“At the core of extreme narcissism is egotistical preoccupation with self, personal preferences, aspirations, needs, success, and how he/she is perceived by others.” – Samuel Lopez De Victoria, Ph.D.

I’ve known about extreme narcissists for a while now.  I didn’t know I had one in my life.

Merriam-Webster defines narcissism as:

Mental disorder characterized by extreme self-absorption, an exaggerated sense of self-importance, and a need for attention and admiration from others. First identified by Havelock Ellis in 1898, the disorder is named for the mythological Narcissus, who fell in love with his own reflection. In addition to an inflated self-image and addiction to fantasy, narcissism is characterized by an unusual coolness and composure, which is shaken only when the narcissistic confidence is threatened, and by the tendency to take others for granted or to exploit them. According to Sigmund Freud, narcissism is a normal stage in children’s development, but it is considered a disorder when it occurs after puberty.

I think I’ve been too close to him to see it.  I’ve been too deep in the problem to understand.  But I can say with almost complete certainty, that D__ is a narcissist.  I didn’t come to this realization on my own.  As I recounted the events of the weekend and the past few days to my friend P___, he started connecting the dots for me.  He pointed out that, based on what I was telling him, the arguments and fights that D__ and I had had only seemed to take place when I expressed that my needs and wants were not being met.  He noted that I went to lengths to ensure his happiness and success of our relationship that most others would not (e.g., driving 2-8 hours each weekend to pick up and drop him off because he doesn’t have a car, paying for a weekend’s worth of food, beverage, and any entertainment), preparing the meals that he requested, etc).  I didn’t mention any of the sex-related stuff I did to entertain D__’s desires and fantasies.

P___ told me that he thought there was a clinical term for someone like D__, someone that focused only on his one needs and desires.  Once he “said” that (we were chatting via instant messenger), I immediately knew to what he was referring: narcissism.  It’s an all-too-familiar term, as a friend of mine has recently suffered abuse and torment from her narcissistic and drug-addicted brother.  I immediately performed a Google search on narcissism, even though I knew what it was.  I opened blog post titled “How to Spot a Narcissist.”  I skimmed through it as P___ and I continued to chat.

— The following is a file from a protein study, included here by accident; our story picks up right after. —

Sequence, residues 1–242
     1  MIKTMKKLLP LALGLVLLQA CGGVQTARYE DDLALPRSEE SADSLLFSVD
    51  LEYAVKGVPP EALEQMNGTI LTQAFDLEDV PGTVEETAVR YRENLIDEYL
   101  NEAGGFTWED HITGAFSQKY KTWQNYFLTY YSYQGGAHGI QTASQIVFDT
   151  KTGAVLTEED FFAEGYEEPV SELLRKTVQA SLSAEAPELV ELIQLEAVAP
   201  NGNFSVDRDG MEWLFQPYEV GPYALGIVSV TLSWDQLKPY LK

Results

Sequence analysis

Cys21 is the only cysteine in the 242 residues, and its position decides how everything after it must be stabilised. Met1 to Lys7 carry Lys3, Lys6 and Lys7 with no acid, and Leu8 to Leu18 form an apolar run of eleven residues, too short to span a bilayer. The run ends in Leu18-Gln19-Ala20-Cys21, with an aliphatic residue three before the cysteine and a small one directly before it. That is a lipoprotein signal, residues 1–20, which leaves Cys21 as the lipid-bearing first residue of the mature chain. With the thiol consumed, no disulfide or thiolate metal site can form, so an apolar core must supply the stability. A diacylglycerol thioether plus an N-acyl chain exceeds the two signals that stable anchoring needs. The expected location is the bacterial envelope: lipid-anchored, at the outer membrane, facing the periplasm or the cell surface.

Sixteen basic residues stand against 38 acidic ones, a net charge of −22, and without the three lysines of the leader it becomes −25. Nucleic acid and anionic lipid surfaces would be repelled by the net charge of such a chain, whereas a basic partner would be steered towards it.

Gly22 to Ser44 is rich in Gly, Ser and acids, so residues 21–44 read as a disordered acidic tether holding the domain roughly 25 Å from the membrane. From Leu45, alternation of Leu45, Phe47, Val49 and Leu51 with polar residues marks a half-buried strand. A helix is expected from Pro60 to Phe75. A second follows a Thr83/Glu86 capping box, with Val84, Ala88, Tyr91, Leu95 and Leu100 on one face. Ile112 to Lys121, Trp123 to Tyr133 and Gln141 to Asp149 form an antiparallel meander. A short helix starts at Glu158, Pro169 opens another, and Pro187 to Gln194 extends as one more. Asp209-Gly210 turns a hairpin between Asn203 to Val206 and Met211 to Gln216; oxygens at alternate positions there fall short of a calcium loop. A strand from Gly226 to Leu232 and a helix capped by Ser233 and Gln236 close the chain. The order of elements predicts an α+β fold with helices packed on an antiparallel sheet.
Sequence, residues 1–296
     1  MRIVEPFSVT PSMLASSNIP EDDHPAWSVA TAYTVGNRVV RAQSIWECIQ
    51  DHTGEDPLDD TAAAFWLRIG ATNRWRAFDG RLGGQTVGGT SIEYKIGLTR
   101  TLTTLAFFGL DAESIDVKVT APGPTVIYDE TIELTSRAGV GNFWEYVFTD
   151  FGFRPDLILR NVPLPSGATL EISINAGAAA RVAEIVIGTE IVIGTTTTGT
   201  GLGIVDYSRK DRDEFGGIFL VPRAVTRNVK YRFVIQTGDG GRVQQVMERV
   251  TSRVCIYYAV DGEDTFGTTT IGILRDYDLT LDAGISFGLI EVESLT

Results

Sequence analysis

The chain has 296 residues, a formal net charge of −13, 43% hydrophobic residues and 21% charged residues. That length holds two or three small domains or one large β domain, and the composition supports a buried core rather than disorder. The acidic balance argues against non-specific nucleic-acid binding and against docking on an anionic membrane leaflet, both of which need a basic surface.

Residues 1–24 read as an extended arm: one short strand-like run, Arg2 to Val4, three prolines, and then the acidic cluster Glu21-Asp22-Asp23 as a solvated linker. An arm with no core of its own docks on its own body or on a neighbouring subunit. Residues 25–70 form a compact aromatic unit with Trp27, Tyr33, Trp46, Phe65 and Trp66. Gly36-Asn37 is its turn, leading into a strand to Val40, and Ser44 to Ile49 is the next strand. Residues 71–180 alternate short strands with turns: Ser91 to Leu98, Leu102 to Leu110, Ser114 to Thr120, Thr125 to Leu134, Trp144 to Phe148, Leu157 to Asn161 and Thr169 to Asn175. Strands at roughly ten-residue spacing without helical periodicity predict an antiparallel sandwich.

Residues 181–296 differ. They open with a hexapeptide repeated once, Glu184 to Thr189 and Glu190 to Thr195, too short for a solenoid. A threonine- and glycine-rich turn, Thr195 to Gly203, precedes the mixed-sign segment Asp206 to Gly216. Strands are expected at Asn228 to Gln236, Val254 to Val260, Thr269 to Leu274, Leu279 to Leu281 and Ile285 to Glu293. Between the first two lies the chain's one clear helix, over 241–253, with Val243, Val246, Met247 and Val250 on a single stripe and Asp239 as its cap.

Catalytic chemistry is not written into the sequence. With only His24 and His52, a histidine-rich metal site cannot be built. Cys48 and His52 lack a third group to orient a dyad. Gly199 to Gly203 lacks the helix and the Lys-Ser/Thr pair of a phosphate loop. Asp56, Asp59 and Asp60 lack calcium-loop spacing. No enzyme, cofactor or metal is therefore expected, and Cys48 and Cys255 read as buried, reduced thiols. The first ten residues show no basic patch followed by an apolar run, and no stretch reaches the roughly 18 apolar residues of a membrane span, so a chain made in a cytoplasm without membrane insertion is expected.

Yep, a lot of stuff seems to fit, now that I look at it from outside of the situation.  “…people are things to be used.”  I sure did feel used when I would go through all of the aforementioned effort and expense for us to be together and he would reject my desires (like going to the zoo, having a particular food for a meal, or him reading a book to help him figure out how to please me in bed).  “Once you do not have anything more to offer and she has taken all they wanted from you, you are history.”  It seems as if this is what has happened since I stood up for myself in the relationship over the weekend.  “Once I opened up my weaknesses to them and then asked them to reciprocate, they looked for excuses to label me and reject me.”  Now that I reflect back, I think some of this happened too.  Once I shared my insecurities with him, I felt as if D___ judged me for them.  He openly deemed me a “miserable person” anytime I had a bad day.

This revelation, of sorts, makes me question everything in my now-previous relationship.  Did he really love me or was he just using me?  Was he taking advantage of me or merely taking me for granted as men often do?  I’m not crying anymore and I’m not desperate anymore, but I still have one hang-up.  Today, when he finally decided to “communicate” with me, he told me to leave him alone.  I basically begged him to tell me what he was feeling and why he went from “I want to spend the rest of my life with you” to “Go away.”  I told him that if he doesn’t love me anymore, he should just tell me and that he’ll never hear from me again.  But he didn’t tell me that.  He told me that whether or not he loves me is “irrelevant.”  So now that makes me wonder, are his emotions all mixed up because of the anger and pain of the weekend’s events…or is he refusing to answer my question in order to maintain control?  P___ thinks it’s the former.  P___ thinks that he is such a narcissist that he believes giving me what I want (an answer to whether or not he loves me) would be giving up control of the “end” of our relationship.  He might be right.  I don’t know.  I might never know.

What I do know is this: as much as I love D__, he was not treating me the way I needed to be treated.  Our relationship was much too one-sided.  It wasn’t about money; it was about thoughtfulness and consideration.  And I wasn’t on the receiving end of that much at all.


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